Having discussed the Dell Mini 9 hardware, it seems only fair to devote a few paragraphs to its software. You may recall that I ordered the Ubuntu version of the netbook, which ships with a Dell-modified version of Ubuntu 8.04. This version is over a year old now – a long time in the Linux desktop world – but it is an “LTS” or “Long Term Support” release. In short that means that updates will be available for three years, rather than the 18 months of a non-LTS release. During this time there will be another LTS release, giving users (or in this case, Dell) the option to ride the cutting edge with non-LTS updates every 6 months, or just update from LTS to LTS every couple of years.
Dell has gone for the latter. In other words, there’s no Dell version of Ubuntu 8.10 or Ubuntu 9.04. You either stick with 8.04 until the next LTS release (assuming Dell make that available on their servers), or you forego the Dell-modified version of Ubuntu entirely and install something else, whether it’s non-LTS Ubuntu, a different Linux distribution, or even a different operating system entirely, such as Windows or BSD.
What’s Good About Dell’s Ubuntu
A lot of things, really. For a start it builds on the stable base of Ubuntu 8.04, Hardy Heron – arguably one of the better Ubuntu releases. It ships with some licensed codecs for MP3 playback and so on, as well as some common-but-non-Free applications (Flash, Acrobat Reader), avoiding some of the common pitfalls for users who are new to Linux and don’t know really appreciate why their MP3s won’t play, or their Flash sites don’t work. Perhaps the best bit, in my opinion, is Dell’s take on a netbook launcher.
What’s a netbook launcher? It’s a bit of software that comes by default with just about any netbook which lets you launch applications using big icons, instead of by trying to navigate a small menu. It’s intended as a way to simplify access to your most commonly used applications – to make it quick and easy to launch a web browser and the couple of other applications (or games) that you most frequently use. They usually have a mechanism for adding new launchers, or moving them to a “favourites” screen of some sort, so that you can control which applications you have easy access to, and which require a few extra clicks.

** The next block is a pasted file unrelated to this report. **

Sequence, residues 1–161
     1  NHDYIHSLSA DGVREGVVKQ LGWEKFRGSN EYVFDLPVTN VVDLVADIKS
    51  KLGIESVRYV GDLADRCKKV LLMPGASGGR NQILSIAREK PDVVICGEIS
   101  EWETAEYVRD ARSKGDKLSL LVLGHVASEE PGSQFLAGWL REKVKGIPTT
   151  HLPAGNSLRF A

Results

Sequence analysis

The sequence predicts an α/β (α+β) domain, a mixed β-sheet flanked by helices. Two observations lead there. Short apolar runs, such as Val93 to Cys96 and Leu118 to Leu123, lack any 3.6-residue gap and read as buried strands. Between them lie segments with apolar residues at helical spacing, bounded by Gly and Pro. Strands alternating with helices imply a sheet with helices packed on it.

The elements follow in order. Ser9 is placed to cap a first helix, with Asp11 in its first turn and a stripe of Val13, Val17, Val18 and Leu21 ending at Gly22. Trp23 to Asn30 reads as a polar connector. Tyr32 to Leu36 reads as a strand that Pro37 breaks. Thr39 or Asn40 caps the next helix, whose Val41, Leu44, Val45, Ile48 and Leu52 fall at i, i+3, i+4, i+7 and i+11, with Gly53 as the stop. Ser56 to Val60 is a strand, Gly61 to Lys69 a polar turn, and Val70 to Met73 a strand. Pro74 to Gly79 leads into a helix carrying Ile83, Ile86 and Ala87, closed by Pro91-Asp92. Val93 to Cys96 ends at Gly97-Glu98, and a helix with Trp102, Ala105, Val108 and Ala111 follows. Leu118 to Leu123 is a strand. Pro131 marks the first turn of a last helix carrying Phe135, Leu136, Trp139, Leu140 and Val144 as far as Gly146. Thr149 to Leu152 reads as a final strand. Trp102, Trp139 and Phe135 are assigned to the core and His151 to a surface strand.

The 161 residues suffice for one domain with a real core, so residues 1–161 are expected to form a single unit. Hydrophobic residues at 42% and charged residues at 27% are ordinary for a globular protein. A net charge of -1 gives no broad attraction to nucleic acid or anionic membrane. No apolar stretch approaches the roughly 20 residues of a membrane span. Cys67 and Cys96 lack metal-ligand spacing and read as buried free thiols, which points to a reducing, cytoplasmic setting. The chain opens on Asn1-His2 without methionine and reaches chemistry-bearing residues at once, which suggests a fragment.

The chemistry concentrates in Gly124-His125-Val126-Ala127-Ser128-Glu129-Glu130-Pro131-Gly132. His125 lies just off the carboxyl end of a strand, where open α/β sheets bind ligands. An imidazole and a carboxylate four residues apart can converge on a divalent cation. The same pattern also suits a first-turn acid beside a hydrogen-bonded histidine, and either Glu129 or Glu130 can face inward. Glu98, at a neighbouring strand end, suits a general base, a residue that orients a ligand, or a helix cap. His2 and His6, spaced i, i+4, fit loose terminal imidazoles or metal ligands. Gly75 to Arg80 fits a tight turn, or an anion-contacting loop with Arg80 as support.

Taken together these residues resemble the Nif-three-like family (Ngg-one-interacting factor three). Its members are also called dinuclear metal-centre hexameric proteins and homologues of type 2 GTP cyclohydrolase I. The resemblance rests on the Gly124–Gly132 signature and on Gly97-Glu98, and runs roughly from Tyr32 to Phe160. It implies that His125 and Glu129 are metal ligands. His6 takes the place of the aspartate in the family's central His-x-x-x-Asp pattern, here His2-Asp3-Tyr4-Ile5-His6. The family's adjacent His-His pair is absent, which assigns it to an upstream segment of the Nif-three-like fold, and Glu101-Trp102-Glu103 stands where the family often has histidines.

In Dell’s case you can add and remove launchers, but there’s no concept of a favourites screen. Initially you are presented with your desktop background (or Dell’s quite tasteful default), overlaid with a translucent strip of launcher categories. Click on a category, and the launchers fade in, accompanied by a zoom-and-blur effect on the desktop image. The whole thing is quite slick, and ensures that any launcher is available via two clicks on nice big icons.
If you do need to access an app that hasn’t got a launcher, there’s also a top panel with an Ubuntu menu that you can select from if your fine-motor skills are up to it (although for some reason it doesn’t include all the applications – The Gimp is missing, despite being installed on the machine). From this menu you can also launch an application to switch to a “normal” Ubuntu desktop – complete with both top and bottom panels, if you prefer not to use the netbook launcher. Oddly enough, switching to the normal desktop mode also reinstated The Gimp in the menu.
Finally, Dell have done the right thing with the window manager. They use a WM called “Maximus” which is designed largely for use with netbooks and other small-screen devices. By default it’s configured so that pressing CTRL-ALT-F will fullscreen the current application by removing the window’s title bar and expanding the content to fill the whole screen (over the top of the panels). This is great for playing “The Battle For Wesnoth“, though apps that have their own idea of how to fullscreen usually do a better job of it – such as when pressing F11 (or FUNCTION-Z on the Dell Mini) in Firefox.
What’s Bad About Dell’s Ubuntu
Just one thing really: updates. Ubuntu 8.04 is over a year old now, and there have been two non-LTS releases since then. If your requirements of a netbook are low then this may well be sufficient, but I prefer to use the most recent Ubuntu release on my computers, and don’t really want to deal with one machine that’s on an older version. Unfortunately Dell don’t offer any more recent versions in their repositories, so if you want a newer Ubuntu, you have to install it yourself.
That brings me onto the next instalment of this series: the Ubuntu Netbook Remix…